Improved perrenial pastures
Improved perennial pastures can increase livestock production by up to 150% compared with annual pastures and are up to 300% more productive than native pastures. Some perennial species, eg lotus and sulla may also reduce methane emissions from livestock.
Compared to annual species, perennials maintain a greater level of ground cover year-round, reducing the potential for soil erosion weed establishment.
Perennial pastures extend the growing season, which can reduce the need for supplementary feeding and can increase the production options in a livestock enterprise.
The high cost of establishing a new perennial pasture can take several years or more to recover. It is a profitable activity in the long-term due to potential increases in stocking rates and productivity, resilience in a changing climate and improved natural resource management.
Perennial pasture, species composition and productivity can be managed with fertiliser and tactical grazing management.
Indicators of healthy improved perennial pastures
Successful and productive perennial pastures are characterised by:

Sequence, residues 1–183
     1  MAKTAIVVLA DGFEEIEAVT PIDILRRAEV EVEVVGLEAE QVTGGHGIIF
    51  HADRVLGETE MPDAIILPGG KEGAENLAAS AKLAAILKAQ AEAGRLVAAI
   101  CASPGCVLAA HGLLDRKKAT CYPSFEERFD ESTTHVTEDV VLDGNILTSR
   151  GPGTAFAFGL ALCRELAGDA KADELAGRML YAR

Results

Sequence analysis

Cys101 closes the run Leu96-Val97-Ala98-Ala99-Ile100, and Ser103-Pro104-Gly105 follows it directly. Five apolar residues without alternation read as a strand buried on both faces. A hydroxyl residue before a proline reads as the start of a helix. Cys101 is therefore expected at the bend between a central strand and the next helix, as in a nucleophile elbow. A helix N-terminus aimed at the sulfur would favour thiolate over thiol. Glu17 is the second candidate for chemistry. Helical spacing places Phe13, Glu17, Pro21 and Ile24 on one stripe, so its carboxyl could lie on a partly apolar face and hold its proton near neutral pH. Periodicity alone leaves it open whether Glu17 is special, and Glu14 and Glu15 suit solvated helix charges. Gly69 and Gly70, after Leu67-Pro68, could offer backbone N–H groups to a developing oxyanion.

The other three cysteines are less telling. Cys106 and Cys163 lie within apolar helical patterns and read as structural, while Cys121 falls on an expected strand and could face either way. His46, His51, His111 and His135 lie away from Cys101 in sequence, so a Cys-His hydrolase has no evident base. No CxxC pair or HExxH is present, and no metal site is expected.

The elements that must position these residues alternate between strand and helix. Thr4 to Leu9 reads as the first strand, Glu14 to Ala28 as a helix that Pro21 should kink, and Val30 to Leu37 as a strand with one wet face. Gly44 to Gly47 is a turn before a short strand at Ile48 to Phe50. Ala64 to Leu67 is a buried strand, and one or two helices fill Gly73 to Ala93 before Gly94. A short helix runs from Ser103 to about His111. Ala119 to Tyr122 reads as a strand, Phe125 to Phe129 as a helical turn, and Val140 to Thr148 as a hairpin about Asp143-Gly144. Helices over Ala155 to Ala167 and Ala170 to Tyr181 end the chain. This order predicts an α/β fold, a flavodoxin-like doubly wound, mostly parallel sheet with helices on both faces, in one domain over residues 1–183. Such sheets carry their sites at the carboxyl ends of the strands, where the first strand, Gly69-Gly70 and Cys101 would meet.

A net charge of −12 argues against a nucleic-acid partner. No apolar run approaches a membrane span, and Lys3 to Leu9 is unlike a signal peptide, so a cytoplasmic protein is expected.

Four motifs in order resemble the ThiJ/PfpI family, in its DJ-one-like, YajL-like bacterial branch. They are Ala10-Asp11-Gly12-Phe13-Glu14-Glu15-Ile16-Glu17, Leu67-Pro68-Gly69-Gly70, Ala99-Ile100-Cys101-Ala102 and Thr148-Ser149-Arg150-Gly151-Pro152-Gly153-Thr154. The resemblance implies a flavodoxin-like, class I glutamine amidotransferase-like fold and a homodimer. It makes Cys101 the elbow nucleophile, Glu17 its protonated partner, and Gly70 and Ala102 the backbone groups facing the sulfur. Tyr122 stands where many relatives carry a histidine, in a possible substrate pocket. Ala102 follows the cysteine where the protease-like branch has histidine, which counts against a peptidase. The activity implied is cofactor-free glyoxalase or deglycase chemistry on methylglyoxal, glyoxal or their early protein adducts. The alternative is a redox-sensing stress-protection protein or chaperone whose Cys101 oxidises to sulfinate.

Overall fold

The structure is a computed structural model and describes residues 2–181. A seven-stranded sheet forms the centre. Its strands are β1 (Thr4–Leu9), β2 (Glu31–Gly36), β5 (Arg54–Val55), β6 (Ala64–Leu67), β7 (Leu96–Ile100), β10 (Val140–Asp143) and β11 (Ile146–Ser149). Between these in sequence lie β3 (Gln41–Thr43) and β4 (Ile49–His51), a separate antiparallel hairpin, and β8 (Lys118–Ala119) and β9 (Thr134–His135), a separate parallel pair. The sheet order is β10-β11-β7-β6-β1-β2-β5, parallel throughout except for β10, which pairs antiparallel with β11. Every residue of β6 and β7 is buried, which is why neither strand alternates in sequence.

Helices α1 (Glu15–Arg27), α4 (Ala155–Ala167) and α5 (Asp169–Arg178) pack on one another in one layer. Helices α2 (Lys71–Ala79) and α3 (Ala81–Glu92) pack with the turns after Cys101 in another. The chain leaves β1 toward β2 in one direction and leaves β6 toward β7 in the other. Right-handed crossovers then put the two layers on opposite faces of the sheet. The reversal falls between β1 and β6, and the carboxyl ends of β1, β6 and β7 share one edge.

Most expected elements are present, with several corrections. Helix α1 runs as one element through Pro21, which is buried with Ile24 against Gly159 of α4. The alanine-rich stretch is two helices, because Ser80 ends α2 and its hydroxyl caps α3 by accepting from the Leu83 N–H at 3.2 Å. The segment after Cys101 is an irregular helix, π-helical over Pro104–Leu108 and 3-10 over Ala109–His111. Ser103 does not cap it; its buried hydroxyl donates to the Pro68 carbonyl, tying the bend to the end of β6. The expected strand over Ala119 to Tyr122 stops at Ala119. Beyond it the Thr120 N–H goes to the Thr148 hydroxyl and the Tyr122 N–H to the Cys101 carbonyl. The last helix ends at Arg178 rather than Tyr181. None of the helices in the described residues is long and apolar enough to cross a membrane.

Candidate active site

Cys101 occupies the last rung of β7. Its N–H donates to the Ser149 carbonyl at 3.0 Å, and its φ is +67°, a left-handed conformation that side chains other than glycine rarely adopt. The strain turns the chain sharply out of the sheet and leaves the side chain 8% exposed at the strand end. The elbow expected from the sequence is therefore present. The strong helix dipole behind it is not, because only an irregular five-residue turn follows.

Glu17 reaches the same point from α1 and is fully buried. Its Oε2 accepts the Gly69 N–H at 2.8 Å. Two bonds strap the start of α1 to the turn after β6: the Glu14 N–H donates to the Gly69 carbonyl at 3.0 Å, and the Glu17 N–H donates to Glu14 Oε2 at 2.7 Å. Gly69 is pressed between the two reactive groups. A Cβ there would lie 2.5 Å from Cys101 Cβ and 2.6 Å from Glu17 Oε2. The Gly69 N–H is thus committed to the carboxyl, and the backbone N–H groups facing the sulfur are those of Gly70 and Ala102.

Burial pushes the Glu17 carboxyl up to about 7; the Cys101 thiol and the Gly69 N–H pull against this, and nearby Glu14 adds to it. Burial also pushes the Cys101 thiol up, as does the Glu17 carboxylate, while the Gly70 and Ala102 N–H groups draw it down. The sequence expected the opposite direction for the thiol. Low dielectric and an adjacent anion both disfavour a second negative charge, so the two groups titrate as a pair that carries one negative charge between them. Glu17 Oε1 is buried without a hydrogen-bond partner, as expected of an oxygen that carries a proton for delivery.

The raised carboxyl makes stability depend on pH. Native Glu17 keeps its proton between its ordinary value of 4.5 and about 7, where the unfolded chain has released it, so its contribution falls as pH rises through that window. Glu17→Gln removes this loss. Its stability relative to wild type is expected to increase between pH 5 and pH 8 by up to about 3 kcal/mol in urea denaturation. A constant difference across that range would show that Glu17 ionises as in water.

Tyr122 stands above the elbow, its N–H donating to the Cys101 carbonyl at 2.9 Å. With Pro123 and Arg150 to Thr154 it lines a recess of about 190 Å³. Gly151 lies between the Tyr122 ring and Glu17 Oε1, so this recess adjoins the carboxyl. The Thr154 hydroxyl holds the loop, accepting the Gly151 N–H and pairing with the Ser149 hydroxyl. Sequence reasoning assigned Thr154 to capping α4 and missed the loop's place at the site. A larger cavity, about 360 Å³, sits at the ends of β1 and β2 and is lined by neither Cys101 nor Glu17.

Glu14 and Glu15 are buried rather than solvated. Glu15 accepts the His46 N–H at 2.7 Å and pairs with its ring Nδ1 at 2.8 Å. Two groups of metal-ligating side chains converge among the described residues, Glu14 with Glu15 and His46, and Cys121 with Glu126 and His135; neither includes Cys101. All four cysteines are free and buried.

- up to 40% legume content and at least 40-60% perennial grasses during the peak growing season
- ground cover of more than 70% year-round
- at least 1000kg of dry matter per hectare at the point of autumn break
- at least 15-20 desirable perennial plants per m2 (50/m2 for newly-sown pasture)
- optimal pasture utilisation through tactical grazing - characterised by evenness of grazing, species composition and seasonal dry matter content
- optimal soil fertility - according to species composition and soil test results
Additional information and guides to establishing and managing a wide range of perennial pastures across Australia’s temperature can be found on the EverGraze website.
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